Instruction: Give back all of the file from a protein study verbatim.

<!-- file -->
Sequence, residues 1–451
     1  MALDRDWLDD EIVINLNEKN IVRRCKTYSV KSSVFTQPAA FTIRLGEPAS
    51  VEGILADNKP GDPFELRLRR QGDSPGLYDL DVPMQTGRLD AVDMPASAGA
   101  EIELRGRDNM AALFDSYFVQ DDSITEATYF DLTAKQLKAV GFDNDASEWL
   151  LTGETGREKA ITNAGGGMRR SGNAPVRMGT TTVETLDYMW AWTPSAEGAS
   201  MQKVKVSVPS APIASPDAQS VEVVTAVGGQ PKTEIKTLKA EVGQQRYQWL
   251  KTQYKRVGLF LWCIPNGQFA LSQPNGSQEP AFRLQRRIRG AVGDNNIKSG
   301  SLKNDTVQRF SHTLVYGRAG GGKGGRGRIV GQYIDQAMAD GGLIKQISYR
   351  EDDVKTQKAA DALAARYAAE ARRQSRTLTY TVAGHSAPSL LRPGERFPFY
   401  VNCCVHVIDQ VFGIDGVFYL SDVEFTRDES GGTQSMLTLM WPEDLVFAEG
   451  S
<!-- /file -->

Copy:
Sequence, residues 1–451
     1  MALDRDWLDD EIVINLNEKN IVRRCKTYSV KSSVFTQPAA FTIRLGEPAS
    51  VEGILADNKP GDPFELRLRR QGDSPGLYDL DVPMQTGRLD AVDMPASAGA
   101  EIELRGRDNM AALFDSYFVQ DDSITEATYF DLTAKQLKAV GFDNDASEWL
   151  LTGETGREKA ITNAGGGMRR SGNAPVRMGT TTVETLDYMW AWTPSAEGAS
   201  MQKVKVSVPS APIASPDAQS VEVVTAVGGQ PKTEIKTLKA EVGQQRYQWL
   251  KTQYKRVGLF LWCIPNGQFA LSQPNGSQEP AFRLQRRIRG AVGDNNIKSG
   301  SLKNDTVQRF SHTLVYGRAG GGKGGRGRIV GQYIDQAMAD GGLIKQISYR
   351  EDDVKTQKAA DALAARYAAE ARRQSRTLTY TVAGHSAPSL LRPGERFPFY
   401  VNCCVHVIDQ VFGIDGVFYL SDVEFTRDES GGTQSMLTLM WPEDLVFAEG
   451  S